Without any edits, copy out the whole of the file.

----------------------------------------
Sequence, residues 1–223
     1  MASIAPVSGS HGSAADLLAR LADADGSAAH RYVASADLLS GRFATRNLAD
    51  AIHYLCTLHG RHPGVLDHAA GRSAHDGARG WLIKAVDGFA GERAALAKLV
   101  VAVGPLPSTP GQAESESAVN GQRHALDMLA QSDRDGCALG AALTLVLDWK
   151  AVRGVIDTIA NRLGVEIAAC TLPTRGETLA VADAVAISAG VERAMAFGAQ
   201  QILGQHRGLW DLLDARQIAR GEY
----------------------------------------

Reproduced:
Sequence, residues 1–223
     1  MASIAPVSGS HGSAADLLAR LADADGSAAH RYVASADLLS GRFATRNLAD
    51  AIHYLCTLHG RHPGVLDHAA GRSAHDGARG WLIKAVDGFA GERAALAKLV
   101  VAVGPLPSTP GQAESESAVN GQRHALDMLA QSDRDGCALG AALTLVLDWK
   151  AVRGVIDTIA NRLGVEIAAC TLPTRGETLA VADAVAISAG VERAMAFGAQ
   201  QILGQHRGLW DLLDARQIAR GEY